By Tony Attwood
Much has been made of the extract from what would be, in a full performance, a 7 minutes 30 seconds epic. But there seems little certainty as to what was exactly going on here.
Take for example the notion that “Younger Comes Sin” is related to Ma Rainey’s “Yonder Comes the Blues”. I don’t really see that the “blues” in her song is “sin”. To me it seems like sadness and desperation. And certainly aside from the title there is little to relate the two songs.
I worry all day, I worry all night
Every time my man comes home, he wants to fuss and fight
When I pick up the paper to read about the news,
just as I’m satisfied, yonder comes the blues
and so on.
Dylan however goes somewhere quite different.
Eyolf Østrem (for whom I have to thank, for the lyrics) called this “the born-again equivalent of “You might think he loves you for your money, but I know what he really loves you for: It’s your brand new leopard-skin pill-box hat” . . .
And as every commentary on this song says, the only recording of the song ends after verse four. The rest of the verses exist only in copyright documents. But again as Eyolf Østrem helpfully points out, the copyrighted version also has different punchlines in each of the verses (“can’t you take it on the chin”, “Pour me another glass of gin”, “Ain’t no room tonight at the inn”, “Sounding like a sweet violin”).
Here’s the opening
There is no denying this is a terrific piece of music with the unexpected intercedings of the female singers. But there is one delicious kick in the end of the verse with the way that Dylan takes down the vocalisation of “Yonder comes sin”. The temptation for any lesser artist would be to belt that last line out, but the reduction of the level of intensity, as if to say, “it’s always there, there’s no mistake” is a masterpiece. It’s almost too tiresome for words. We try and we try but sin always comes back.
So why did Dylan abandon the song? To answer this we have to look (as we so often have to do) at what he was writing around this time.
As far as I can read the era the songs before Yonder came out in this order
Property of Jesus is a song of religious certainty which as I said in the review “appears to have been worked and re-worked, but then having been recorded was not used on the tours, so maybe Dylan never really felt it was finished. Or maybe he had worked it out of his system.”
And then suddenly Dylan delivbered the mystical, beautiful “Every Grain” Now Dylan has said in a couple of interviews that the songs of these period tended to come out fully rounded and ready to record, and indeed he specifically mentioned “Every grain” in this regard. If so, it was a magical day indeed.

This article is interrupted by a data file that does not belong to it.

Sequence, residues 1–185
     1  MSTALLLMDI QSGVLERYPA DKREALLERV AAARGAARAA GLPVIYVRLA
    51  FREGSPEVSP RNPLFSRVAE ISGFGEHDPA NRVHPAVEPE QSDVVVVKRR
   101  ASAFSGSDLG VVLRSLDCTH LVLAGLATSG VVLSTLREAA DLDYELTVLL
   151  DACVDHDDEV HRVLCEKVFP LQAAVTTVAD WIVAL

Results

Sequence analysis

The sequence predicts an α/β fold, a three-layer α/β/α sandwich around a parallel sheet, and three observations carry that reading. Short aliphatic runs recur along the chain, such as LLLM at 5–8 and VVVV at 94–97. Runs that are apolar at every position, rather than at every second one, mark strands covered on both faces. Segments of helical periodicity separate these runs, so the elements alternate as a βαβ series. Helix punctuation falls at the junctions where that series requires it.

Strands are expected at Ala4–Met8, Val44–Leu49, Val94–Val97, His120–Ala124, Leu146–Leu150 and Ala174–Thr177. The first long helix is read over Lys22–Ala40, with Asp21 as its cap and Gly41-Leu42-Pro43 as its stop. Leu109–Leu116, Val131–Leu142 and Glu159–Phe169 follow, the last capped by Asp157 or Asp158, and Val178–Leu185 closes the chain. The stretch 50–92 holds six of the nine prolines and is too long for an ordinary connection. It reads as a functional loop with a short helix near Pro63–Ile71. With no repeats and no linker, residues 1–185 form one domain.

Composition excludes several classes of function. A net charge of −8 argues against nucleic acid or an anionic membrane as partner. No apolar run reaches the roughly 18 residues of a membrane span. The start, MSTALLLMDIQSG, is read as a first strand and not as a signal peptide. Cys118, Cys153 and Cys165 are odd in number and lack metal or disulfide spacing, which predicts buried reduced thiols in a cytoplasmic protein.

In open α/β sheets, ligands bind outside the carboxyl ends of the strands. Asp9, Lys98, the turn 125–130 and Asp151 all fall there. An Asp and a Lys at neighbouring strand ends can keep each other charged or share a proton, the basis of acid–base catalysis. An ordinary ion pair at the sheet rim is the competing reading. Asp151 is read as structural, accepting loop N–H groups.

However the imagery of “Every grain” is obscure, and the master’s hand could as much be a Taoist philosophical concept as anything Christian.
Then again, in a matter of a quarter of an hour or so along comes Caribbean Wind which seemingly has no overtly Christian intent, and is one of Dylan’s most puzzling abandonments – at least to me. I love that song, but Dylan felt it wasn’t finished and couldn’t be finished.
Next we get
Prayed in the ghetto with my face in the cement,
Heard the last moan of a boxer, seen the massacre of the innocent
Felt around for the light switch, became nauseated.
She was walking down the hallway while the walls deteriorated.
Certainly the Groom was in the land of bad dreams.
Perhaps to confuse us more than we might otherwise be confused Dylan also said “The purpose of music is to elevate and inspire the spirit. To those who care where Bob Dylan is at, they should listen to Shot of Love. It’s my most perfect song. It defines where I am spiritually, musically, romantically and whatever else. It shows where my sympathies lie. It’s all there in that one song.”
So where does that leave these other songs? Seemingly in a land where we can hear them and enjoy them, and to a certain degree marvel over the inventiveness and dexterity of the writing, and yet know that Dylan didn’t fully rate them. Caribbean Wind got one outing, “the Alter” got five before being abandoned, and Yonder didn’t even get a single complete recording, and Bob refused to allow it onto the original bootleg album. Only “Every Grain” really made it, at least as far as Bob is concerned.
Yet for me these songs (except “Shot of Love”) are masterpieces. Am I saying that I know more than Bob? No of course not, it is just that I can’t find any way into his analysis of his work at this point.
What we clearly do have here is the world gone wrong, and a world where the righteous man can’t do anything about it The Devil is everywhere so you can’t just say “look there he is”. Our world is infested. Temptation is always there…
In a real sense the message of such an energised and exciting piece of music is actually rather simple. The Devil “wants to kill you, it wants to own you” and that’s about it.
What really comes out of this song is that despite its gloom-laden message it really is such amazing fun, so buoyant, so exciting, so powerful, so enjoyable. And for once it is not some unusual chord structure that gives the song its power but rather some very clever and unexpected musical writing.
It just is a great buzz. I wish I could work out why Dylan didn’t like it.
The Discussion Group
We now have a discussion group “Untold Dylan” on Facebook. Just type the phrase in, on your Facebook page or go to https://www.facebook.com/groups/254617038225146/
The Chronology Files
There are reviews of Dylan’s compositions from all parts of his life, up to the most recent writings, but of late I have been trying to put these into chronological order, and fill in the gaps as I work.
- Dylan songs of the 1960s
- Dylan songs of the 1970s
- Dylan songs of the 1980s
- Dylan songs of the 1990s
- Dylan songs of the 21st century
All the songs reviewed on this site are also listed on the home page in alphabetical order – just scroll down a bit once you get there.